Car industry and WHO driving in opposite directions

September 29, 2021

The WHO calls for stricter air pollution limits as car industry steps up lobbying efforts to oppose stricter standards

Europe’s car lobby is using misinformation and dirty tricks to oppose new air pollution standards – precisely at the moment the World Health Organisation is saying air pollution limits should be much stricter. T&E says citizens’ health will suffer for decades if the EU caves in to car industry demands, and concludes that car and truck-makers are “driving in the wrong direction.”

For three decades the European automotive industry has tried to thwart efforts to clean up cars, vans, buses and trucks. The most high-profile attempt was the ‘Dieselgate’ scandal in 2015, but the automotive lobby has a long record of claiming environmental measures to reduce pollution and greenhouse gas emissions are not feasible or would be too expensive.

The lobbying effort is in response to the latest set of polluting emissions standards for road vehicles, Euro 7, which will set legal limits for nearly 100 million petrol and diesel cars that will be sold in Europe after 2025. In a new briefing paper, T&E warns that the industry is trying to whip up fears that tough new standards will cripple sales and threaten jobs. Earlier this year ACEA – which, along with Volkswagen, Daimler and BMW, spent almost €9 million lobbying in Brussels last year – launched a public campaign against Euro 7, making unsubstantiated claims that the legislation would amount to a ban on the internal combustion engine.

The industry argues that Euro 7 will cost too much and is not technically feasible, but T&E’s paper notes that emissions control technology has progressed significantly since 2008, when the current Euro 6 standards were agreed. ACEA also claimed that Euro 7 would have a limited impact on reducing air pollution and its impacts on health. However, this was based on less ambitious emissions standards than those under consideration, and it contained numerous flaws such as omitting petrol cars, which make up the majority of new cars sold today.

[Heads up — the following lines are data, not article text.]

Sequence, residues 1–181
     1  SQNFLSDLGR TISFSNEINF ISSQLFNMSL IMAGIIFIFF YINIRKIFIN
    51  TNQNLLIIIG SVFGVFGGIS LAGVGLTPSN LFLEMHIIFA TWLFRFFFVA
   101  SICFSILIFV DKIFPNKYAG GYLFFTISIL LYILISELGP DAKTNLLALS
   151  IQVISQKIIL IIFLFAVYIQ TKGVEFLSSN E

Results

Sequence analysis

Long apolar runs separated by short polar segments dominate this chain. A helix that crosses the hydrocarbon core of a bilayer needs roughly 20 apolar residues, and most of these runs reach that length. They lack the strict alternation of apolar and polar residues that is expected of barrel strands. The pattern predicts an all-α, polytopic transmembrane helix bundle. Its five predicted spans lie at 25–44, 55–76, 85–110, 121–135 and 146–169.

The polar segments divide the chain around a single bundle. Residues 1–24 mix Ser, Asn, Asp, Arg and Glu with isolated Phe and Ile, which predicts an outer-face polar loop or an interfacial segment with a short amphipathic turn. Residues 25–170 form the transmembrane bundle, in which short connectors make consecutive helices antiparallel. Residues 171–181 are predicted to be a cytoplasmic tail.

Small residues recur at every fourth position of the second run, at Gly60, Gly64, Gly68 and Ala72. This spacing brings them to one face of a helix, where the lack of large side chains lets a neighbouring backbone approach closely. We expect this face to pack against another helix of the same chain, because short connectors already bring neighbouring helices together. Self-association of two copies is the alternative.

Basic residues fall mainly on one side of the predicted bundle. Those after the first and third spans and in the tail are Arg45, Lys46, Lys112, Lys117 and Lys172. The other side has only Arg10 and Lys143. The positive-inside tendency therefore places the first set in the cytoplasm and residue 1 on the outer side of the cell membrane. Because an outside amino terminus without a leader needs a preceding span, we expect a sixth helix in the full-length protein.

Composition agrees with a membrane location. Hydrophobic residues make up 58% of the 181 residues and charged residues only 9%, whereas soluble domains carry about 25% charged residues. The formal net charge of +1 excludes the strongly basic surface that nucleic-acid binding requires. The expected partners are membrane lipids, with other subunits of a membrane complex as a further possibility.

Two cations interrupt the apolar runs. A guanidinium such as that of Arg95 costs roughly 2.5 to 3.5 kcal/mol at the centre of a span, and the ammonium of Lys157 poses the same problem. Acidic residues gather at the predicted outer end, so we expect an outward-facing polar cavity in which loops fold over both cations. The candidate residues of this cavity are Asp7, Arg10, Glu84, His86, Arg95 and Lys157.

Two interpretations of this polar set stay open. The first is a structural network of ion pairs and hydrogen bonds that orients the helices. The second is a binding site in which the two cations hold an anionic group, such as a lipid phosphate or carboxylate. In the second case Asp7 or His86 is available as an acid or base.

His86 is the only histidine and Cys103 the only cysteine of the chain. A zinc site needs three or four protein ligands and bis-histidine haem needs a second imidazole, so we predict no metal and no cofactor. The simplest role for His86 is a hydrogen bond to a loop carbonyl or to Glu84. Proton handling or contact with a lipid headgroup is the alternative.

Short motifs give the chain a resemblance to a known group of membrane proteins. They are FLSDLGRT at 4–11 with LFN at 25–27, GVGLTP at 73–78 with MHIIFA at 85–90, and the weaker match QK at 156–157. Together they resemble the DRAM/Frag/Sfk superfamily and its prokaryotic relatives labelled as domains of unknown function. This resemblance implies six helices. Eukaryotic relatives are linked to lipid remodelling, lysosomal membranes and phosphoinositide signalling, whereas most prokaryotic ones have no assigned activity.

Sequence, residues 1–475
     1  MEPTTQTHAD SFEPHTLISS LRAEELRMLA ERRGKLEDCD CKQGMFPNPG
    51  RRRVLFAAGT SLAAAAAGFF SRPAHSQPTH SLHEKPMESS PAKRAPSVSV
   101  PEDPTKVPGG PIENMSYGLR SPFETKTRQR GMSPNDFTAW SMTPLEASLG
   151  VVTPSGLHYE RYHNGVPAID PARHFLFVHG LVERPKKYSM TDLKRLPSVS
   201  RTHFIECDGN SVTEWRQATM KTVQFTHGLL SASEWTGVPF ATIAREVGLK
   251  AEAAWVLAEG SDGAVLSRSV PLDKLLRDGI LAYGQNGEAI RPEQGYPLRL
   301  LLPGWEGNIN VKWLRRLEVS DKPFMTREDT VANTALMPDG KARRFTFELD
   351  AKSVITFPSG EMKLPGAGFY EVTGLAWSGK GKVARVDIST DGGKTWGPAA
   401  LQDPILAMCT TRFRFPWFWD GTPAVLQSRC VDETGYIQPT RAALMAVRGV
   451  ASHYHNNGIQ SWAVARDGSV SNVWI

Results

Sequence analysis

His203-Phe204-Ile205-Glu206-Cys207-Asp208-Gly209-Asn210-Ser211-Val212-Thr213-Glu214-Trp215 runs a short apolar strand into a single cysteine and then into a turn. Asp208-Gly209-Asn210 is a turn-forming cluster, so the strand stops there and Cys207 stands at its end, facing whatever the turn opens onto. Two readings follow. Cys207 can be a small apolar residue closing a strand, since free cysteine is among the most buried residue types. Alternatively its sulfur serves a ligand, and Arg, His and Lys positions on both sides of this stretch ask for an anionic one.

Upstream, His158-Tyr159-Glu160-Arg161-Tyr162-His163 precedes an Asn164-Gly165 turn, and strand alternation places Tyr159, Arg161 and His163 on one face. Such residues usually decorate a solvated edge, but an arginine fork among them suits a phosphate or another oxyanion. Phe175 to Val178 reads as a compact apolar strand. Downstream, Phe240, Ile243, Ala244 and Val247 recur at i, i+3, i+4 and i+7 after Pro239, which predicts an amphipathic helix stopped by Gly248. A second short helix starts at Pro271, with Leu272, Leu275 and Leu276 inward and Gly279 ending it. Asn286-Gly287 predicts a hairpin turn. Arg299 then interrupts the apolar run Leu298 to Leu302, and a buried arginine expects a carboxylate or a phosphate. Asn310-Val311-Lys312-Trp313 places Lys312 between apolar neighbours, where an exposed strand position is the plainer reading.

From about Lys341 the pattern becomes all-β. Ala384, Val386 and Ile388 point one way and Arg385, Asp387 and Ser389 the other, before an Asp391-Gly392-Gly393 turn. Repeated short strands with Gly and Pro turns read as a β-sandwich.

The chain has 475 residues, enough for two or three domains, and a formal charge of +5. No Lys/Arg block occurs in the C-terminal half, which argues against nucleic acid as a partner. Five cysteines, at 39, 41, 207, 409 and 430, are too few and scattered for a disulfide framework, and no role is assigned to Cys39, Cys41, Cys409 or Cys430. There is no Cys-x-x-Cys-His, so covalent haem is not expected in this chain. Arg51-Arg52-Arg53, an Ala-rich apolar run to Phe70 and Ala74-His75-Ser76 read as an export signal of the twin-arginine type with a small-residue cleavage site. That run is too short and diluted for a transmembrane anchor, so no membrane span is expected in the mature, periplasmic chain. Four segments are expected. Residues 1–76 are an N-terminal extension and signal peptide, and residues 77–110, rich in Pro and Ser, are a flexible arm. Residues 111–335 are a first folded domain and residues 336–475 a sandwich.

“The carmakers are doing it again,” said Fabian Sperka, vehicles policy manager at T&E. “Affordable technology can now deliver huge cuts in vehicle emissions and save lives. But the car industry is aggressively lobbying against tougher regulations. The industry is driving in the wrong direction, and lawmakers should look past the usual scaremongering and focus on doing what is right for the health of millions of citizens.”

The carmakers’ claims also run counter to statements made by the European Commission, that adopting cleaner emissions technology to meet Euro 7 standards would add between €100 and €500 to the price of a car – less than a paint upgrade on a model such as the VW Golf or Ford Fiesta. For trucks, compliance would add less than 1% to the total cost of ownership over five years.

The lobbying comes on the heels of the World Health Organisation (WHO) calling for significantly stricter limits on air pollution. The WHO’s latest guidelines suggest that, as a minimum, limits for nitrogen dioxide (NO2) – the toxic gas at the heart of the Dieselgate scandal and mainly a result of polluting cars on the road – should be reduced by 75% (from 40 to 10 micrograms per cubic meter). The new limits would significantly reduce health risks and are four times stricter than those previously recommended by the WHO and enshrined in EU and UK laws. However, there is no safe level of air pollution, the WHO warns

Barbara Stoll, director of the Clean Cities Campaign, a European NGO coalition supported by T&E, said: “These guidelines further underline that we are in a health crisis and there is an urgent need to clean up our air. Even low levels of toxic air from polluting cars and vans have a devastating impact on Europeans’ health. City leaders must commit to shifting to zero-emission transport and they need to do it now.”

Road transport is the largest source of NO2 pollution, which causes serious illnesses such as heart and lung disease and results in tens of thousands of premature deaths every year. Toxic air disproportionately impacts low income households and minorities, as a study on London shows. 

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